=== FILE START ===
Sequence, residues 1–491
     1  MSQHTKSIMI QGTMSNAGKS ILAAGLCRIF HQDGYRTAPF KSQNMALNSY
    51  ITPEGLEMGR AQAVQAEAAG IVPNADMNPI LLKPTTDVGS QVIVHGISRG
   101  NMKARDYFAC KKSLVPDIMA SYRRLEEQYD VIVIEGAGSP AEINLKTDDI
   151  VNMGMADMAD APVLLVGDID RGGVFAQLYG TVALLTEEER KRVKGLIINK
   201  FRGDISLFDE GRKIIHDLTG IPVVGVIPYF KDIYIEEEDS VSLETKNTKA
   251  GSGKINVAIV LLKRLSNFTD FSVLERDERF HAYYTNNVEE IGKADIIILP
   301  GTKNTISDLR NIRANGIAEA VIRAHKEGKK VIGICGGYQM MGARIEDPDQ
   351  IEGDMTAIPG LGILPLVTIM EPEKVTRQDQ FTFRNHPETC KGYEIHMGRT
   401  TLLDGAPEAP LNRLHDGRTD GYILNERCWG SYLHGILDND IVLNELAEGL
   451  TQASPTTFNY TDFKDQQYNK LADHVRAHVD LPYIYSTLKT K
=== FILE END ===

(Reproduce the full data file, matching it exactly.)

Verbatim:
Sequence, residues 1–491
     1  MSQHTKSIMI QGTMSNAGKS ILAAGLCRIF HQDGYRTAPF KSQNMALNSY
    51  ITPEGLEMGR AQAVQAEAAG IVPNADMNPI LLKPTTDVGS QVIVHGISRG
   101  NMKARDYFAC KKSLVPDIMA SYRRLEEQYD VIVIEGAGSP AEINLKTDDI
   151  VNMGMADMAD APVLLVGDID RGGVFAQLYG TVALLTEEER KRVKGLIINK
   201  FRGDISLFDE GRKIIHDLTG IPVVGVIPYF KDIYIEEEDS VSLETKNTKA
   251  GSGKINVAIV LLKRLSNFTD FSVLERDERF HAYYTNNVEE IGKADIIILP
   301  GTKNTISDLR NIRANGIAEA VIRAHKEGKK VIGICGGYQM MGARIEDPDQ
   351  IEGDMTAIPG LGILPLVTIM EPEKVTRQDQ FTFRNHPETC KGYEIHMGRT
   401  TLLDGAPEAP LNRLHDGRTD GYILNERCWG SYLHGILDND IVLNELAEGL
   451  TQASPTTFNY TDFKDQQYNK LADHVRAHVD LPYIYSTLKT K